Eagleman is not a complete pessimist when it comes to human free will. He seems to believe that we can become slightly more free, by training ourselves to control our impulses - he's testing out neurological technology that helps people see when they're resisting the impulse to have a cigarette, and he wants to use this technology to help train prison inmates as well. (Quick question: why do you need incredibly expensive neuroscanning equipment to see when someone is successfully resisting the urge to smoke. Surely it's...obvious.)

Another very talented and literate neuroscientist, Jonah Lehrer, ends his column in Wired Magazine this week with this rousing call to arms: "We can dramatically improve our self-control and impulse regulation, if only we practice. Consider a 1999 study by the psychologists Mark Muraven, Roy Baumeister and Diane Tice. The researchers asked a group of students to improve their posture for two weeks. Instead of slouching, they were told to focus on sitting up straight. Interestingly, these students showed a marked improvement on subsequent measures of self-control, at least when compared to a group that didn't work on their posture. Why? Because they practiced a little self-control, just like those kids trying not to display their tics. And practice makes perfect."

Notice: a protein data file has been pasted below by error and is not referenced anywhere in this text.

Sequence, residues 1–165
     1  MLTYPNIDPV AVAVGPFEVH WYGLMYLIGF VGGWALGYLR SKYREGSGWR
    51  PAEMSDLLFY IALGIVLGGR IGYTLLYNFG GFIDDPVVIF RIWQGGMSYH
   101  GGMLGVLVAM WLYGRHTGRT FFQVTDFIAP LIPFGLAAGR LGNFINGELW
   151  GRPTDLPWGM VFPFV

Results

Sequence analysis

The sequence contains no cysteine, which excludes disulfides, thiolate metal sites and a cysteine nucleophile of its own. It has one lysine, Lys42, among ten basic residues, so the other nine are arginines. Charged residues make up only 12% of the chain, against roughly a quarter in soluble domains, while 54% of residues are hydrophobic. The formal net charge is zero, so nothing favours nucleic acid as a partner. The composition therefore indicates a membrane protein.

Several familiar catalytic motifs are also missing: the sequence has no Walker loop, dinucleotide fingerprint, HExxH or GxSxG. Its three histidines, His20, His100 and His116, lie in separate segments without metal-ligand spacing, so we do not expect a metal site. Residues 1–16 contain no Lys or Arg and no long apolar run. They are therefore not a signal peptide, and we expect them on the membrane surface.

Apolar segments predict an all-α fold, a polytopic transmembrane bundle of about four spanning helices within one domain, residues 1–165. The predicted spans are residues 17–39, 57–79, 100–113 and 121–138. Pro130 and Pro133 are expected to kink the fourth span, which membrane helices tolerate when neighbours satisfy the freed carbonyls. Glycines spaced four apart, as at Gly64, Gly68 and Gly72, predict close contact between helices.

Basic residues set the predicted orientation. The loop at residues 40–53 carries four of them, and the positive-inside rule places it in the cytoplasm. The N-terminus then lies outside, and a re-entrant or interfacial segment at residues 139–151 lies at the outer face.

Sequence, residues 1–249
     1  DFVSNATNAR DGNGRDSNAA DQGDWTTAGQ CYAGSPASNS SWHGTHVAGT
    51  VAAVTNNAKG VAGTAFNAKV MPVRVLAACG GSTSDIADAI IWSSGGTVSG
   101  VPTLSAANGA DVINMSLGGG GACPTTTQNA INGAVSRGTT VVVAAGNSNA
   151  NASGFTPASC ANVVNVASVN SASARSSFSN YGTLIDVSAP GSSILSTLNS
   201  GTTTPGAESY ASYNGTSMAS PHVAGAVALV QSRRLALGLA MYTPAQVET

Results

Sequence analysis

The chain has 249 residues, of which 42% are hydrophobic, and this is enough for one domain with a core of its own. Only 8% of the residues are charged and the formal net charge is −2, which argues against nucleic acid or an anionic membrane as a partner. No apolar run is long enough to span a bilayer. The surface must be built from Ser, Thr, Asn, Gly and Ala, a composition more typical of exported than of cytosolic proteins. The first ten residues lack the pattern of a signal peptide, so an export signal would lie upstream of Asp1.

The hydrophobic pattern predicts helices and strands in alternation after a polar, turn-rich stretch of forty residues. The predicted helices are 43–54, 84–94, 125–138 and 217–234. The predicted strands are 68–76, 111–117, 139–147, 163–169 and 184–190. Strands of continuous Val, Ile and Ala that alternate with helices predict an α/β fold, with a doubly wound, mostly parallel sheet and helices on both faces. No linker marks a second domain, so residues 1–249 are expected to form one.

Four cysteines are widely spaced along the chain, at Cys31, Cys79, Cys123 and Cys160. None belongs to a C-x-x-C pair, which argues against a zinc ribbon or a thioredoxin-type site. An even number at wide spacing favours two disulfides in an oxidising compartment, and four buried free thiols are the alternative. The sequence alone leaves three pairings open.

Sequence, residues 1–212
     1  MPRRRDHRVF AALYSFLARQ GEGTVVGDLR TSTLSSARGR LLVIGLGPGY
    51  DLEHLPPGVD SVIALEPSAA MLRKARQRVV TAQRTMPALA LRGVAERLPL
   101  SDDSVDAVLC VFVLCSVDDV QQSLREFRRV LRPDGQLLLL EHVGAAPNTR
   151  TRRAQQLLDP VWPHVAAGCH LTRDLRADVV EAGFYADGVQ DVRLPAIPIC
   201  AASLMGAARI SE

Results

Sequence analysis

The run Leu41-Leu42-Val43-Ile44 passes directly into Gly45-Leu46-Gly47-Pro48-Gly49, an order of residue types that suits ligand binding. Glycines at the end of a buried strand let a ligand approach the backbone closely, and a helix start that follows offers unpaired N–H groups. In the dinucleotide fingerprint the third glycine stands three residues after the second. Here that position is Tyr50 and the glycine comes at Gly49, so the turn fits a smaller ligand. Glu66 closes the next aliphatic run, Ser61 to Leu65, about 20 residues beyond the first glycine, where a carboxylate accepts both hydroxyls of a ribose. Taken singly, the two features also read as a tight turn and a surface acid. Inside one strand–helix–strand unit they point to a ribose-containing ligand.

As I have argued many times on this site - and as I argued again in this post for the School of Life's website - it seems to me that neuroscientists like Lehrer and Eagleman are, in fact, returning to the ideas and techniques of ancient religious philosophy. The ancient Greeks didn't say we were all born free, rational, moral creatures. They said we might possibly become so, through training (or askesis, as they called it). This will involve the return in our culture to the idea of asceticism, self-discipline and monasticism. Yes, it's a new age of austerity and hair-shirts! Pass the cat o' nine tails, I feel a purge coming on.

Finally, I presume you're familiar with Rebecca Black? You know, the tween American pop singer who makes Justin Bieber look like Marilyn Manson. Well, if you haven't seen the true nihilist horror that is her pop hit, Friday, watch the vid below (100 million views already!), and then read this - a brilliant exploration of the radical critical levels to the song that you probably missed, first time around.

See you next week,